Some people hate it, some people love it. It’s the Cisco proprietary VLAN Trunking Protocol (VTP) which in short means that Cisco switches can exchange VLAN configuration, instead of manually configuring each switch with the same VLANs. I also suggest if you don’t know what a VLAN is check out the post Creating VLANs Let’s get right into understanding VTP.
The thing that makes VTP shine is what it does, although simple to understand it saves time by automatically distributing VLAN information. Take for example if you had 20 switches that need the same VLANs you could do it manually but this runs the risk of human error, with VTP if you configure one switch as a server and all other switches as clients then you can configure all of them. VTP uses Layer two messages to exchange information if a server switch changes or removes VLANS VTP will synchronize all switches so all switches have the same VLANs.
- ISL is an older technology along with being Cisco proprietary. ISL also fully encapsulates the original Ethernet frame inside the ISL header remain unchanged. Along with using the source and destination MAC addresses in the ISL header to send and receiving to a switch.
- 802.1Q is an open-standard created by IEEE and uses a different header than ISL to tag frames, with the VLAN number. 802.1Q does not encapsulate the original frame into another Ethernet header and trailer. 802.1Q inserts and extra 4-byte VLAN header into the original frame’s Ethernet header. The frame still has the original source and destination MAC address unlike ISL. Also because the original header has been expanded 802.1Q forces a FCS (Frame check sequence)
By default when a switch is powered on the VTP mode is server, VTP servers and clients can choose whether to react to the received VTP update, by either update their VLAN configuration or ignore it. This is based on the VLAN database configuration revision number. Each time the VTP server modifies its VLAN configuration the VTP server increments the current configuration revision number by 1. If the revision number increases and is higher than a client switch or server switch, it will update its VLAN database. This is where VTP can destroy your network if set up incorrectly or not securely. If you have a “rouge” VTP server that has a higher revision number then the other VTP server, all switches in the domain including the VTP server will change and update the VLAN configuration based on the “rouge” VTP server.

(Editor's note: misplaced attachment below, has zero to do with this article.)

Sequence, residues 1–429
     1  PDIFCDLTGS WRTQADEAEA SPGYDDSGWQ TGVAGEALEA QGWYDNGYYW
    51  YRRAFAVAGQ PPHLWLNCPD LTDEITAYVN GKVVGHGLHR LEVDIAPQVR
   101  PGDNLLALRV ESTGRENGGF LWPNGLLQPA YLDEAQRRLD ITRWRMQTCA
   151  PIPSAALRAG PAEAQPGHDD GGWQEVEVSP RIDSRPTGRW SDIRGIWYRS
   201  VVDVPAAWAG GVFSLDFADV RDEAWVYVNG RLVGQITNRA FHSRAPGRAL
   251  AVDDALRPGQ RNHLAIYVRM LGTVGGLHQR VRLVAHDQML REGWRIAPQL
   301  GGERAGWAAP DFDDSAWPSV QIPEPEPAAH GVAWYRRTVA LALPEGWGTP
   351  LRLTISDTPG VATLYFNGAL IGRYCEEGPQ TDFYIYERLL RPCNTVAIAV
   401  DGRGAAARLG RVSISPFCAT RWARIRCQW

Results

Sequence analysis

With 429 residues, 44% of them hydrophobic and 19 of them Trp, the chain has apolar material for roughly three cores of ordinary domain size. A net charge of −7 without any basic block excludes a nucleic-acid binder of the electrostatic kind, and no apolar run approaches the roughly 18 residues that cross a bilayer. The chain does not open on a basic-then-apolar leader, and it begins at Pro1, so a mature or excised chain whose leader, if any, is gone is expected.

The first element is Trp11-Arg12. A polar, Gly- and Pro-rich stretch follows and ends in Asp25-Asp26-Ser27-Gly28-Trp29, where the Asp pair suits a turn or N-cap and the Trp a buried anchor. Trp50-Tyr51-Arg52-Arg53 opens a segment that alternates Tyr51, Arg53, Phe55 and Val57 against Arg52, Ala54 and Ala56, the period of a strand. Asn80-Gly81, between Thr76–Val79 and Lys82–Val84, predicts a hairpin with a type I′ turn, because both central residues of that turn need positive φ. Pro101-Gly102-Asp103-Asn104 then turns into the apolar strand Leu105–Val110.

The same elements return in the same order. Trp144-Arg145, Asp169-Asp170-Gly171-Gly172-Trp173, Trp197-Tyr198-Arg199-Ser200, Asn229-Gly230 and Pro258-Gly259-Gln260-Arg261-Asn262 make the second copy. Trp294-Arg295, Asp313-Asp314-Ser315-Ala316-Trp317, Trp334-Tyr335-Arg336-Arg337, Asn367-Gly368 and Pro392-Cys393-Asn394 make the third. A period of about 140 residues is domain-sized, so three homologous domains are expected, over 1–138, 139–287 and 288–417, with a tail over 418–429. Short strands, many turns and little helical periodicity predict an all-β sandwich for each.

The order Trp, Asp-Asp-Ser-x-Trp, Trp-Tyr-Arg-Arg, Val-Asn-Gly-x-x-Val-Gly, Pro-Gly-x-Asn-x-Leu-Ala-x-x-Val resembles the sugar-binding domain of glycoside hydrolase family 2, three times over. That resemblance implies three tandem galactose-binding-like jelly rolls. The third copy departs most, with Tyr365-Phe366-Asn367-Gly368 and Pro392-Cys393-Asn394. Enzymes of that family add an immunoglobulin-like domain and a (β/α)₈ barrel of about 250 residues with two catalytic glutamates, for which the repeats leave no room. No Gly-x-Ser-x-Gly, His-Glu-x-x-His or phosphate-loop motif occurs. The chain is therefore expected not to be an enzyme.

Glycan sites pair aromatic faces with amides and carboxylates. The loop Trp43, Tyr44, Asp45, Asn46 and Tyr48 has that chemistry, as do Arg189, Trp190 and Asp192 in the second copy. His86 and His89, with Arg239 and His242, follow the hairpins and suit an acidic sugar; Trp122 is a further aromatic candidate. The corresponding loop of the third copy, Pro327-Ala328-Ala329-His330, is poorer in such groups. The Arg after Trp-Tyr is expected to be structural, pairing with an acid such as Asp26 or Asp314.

There are three VTP Modes
- Server Mode, Servers can create VLANs and distribute VLAN configuration changes through VTP messages.
- Client Mode, Clients cannot be used to configure VLAN information they only learn about VLANs by VTP servers and only forward VTP messages.
- Transparent Mode, Transparent mode switches never update their VLAN database on incoming VTP messages. Like servers they can however create VLANs, they also will send VTP messages to help out other switches in server or client.
VTP defines three message types
- Summary advertisements – list the revision number, domain name, and other information but no VLAN information. These are summary advertisements that occur every 5 minutes.
- Subset advertisements – occur when a new a larger revision number is introduced which is some subset of the VLAN database.
- Request message – Allows the switch to immediately request VTP messages from a neighboring switch as soon as a trunk comes up.
VTP does have some other features like VTP Pruning, passwords protection and domains but that all in the configuration side. An interesting side note is that VTP cannot be turned off. There is no disable command in the switch IOS, if you want to turn off VTP on a switch change the mode to transparent. You can find additional information about VTP at Cisco.com along with a web search. Like always I hope this information was informative and if you have a topic that deals with either ICND1 or ICND2 material let me know by commenting below.